Our readers must not for a moment suppose that these strictures apply to all, or even to most, of these remarkable discourses. More than one-third of the book is read before the slightest misgiving is aroused as to the completeness or the firmness of the Preacher's faith in the Scriptures, or the absoluteness of his deference to them. The first apprehension is awoke by a faintly-hinted, airily-syllabled universalism. This finds less indistinct articulation in the antepenultimate sermon, that from: Brethren, the time is short,' where the indefinite prolongation of life as a term of probation and a season of salvation after bodily death, is regarded as quite an open question in Christian theology. The obvious fact that this, to say the least, greatly enfeebles both the argument and the appeal of the Apostle, does not disconcert Mr. Brooks at all, but we wonder he does not feel its weakening effect even on his own reasonings and admonitions. How nebulous in his theological system, if he have a theological system at all, are some of the grand, stupendous, basal truths of Christianity is shown in his sermon for Trinity Sunday, where, after stating his views of the doctrine of the Trinity, he adds: 'To other worlds of other needs, and so of other understandings (for our needs are always the avenues for our intelligence), othersides of the personal force of the Divine life must have issued.' If this do not mean that other Persons in the Trinity besides the Son and the Spirit, or instead of the Son and the Spirit, must have issued' 'to other worlds,' we cannot make out its relevancy or its signification in this connection.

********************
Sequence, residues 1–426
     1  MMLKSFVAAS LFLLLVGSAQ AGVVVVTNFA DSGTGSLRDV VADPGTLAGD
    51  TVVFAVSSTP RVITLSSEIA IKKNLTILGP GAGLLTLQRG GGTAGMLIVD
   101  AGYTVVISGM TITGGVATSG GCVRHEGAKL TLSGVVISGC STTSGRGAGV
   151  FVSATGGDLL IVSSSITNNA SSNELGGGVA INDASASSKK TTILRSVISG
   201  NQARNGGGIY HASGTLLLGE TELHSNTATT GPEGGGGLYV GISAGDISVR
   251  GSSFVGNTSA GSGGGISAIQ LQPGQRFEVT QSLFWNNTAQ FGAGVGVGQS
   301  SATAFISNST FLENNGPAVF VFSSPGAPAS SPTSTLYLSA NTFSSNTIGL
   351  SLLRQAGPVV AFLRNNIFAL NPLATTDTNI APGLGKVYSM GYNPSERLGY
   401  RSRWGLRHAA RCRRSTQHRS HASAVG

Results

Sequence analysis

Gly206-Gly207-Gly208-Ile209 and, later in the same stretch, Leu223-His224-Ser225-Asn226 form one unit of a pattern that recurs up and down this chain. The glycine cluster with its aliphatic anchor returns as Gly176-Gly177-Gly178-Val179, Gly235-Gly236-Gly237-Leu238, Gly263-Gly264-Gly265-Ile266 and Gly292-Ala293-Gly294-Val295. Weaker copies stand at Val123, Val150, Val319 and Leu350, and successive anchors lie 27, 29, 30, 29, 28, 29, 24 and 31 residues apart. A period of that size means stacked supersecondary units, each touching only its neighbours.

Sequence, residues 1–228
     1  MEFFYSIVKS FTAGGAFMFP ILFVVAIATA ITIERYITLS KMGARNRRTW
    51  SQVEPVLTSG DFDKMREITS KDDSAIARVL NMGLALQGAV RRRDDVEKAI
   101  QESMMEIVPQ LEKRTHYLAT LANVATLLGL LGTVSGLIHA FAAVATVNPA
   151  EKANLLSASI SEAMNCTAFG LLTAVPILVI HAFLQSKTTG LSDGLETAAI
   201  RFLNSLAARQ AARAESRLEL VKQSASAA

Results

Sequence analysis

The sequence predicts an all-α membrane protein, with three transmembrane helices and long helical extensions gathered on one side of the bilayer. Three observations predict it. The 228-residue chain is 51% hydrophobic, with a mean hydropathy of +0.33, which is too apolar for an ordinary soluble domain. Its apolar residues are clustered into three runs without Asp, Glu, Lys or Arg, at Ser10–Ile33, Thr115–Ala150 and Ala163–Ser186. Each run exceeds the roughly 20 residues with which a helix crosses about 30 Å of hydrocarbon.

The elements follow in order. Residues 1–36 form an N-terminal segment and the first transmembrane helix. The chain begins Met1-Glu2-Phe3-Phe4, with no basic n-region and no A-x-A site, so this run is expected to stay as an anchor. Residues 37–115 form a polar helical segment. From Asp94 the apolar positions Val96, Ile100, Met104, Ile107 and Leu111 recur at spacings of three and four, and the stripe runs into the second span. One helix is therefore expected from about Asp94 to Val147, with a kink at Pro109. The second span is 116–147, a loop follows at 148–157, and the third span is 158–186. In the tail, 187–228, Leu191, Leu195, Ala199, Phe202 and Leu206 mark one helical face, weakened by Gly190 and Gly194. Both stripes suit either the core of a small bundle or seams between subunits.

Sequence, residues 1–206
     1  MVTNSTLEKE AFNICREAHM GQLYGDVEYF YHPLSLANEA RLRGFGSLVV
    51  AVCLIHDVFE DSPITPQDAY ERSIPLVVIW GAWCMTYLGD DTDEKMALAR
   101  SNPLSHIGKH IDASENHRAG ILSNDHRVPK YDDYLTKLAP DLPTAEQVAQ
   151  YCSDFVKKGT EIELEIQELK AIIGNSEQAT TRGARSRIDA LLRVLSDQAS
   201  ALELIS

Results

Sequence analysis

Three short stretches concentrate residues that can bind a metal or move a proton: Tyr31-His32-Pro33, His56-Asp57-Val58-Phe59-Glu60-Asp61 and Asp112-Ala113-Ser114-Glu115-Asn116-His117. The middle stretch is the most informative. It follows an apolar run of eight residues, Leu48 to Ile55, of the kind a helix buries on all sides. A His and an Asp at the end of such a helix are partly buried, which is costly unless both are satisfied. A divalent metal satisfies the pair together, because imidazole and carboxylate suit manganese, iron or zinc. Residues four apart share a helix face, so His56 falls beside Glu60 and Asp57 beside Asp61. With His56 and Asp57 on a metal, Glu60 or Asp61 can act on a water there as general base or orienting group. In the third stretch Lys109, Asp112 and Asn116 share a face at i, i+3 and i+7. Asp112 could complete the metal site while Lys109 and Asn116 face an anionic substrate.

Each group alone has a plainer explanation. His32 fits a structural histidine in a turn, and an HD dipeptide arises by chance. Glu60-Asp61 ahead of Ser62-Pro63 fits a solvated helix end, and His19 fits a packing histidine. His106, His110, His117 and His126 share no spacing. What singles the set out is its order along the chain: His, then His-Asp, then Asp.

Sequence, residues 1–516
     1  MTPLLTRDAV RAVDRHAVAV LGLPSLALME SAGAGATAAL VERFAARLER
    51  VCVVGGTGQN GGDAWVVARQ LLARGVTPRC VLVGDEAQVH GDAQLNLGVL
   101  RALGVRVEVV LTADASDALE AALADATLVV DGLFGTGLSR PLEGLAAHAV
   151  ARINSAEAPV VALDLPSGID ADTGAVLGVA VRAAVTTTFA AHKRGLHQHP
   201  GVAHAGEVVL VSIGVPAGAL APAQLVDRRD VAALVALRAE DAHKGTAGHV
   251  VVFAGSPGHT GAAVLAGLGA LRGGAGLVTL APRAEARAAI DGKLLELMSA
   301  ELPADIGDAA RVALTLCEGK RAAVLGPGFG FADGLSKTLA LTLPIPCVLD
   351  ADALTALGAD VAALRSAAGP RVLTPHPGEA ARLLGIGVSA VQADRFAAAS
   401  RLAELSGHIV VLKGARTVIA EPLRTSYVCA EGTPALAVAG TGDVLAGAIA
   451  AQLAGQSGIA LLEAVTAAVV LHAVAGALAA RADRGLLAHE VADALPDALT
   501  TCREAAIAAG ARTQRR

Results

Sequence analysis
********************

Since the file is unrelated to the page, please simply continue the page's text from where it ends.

The first two sermons-on The Purpose and Use of Comfort; and on The Withheld Completions of Life are very touching

6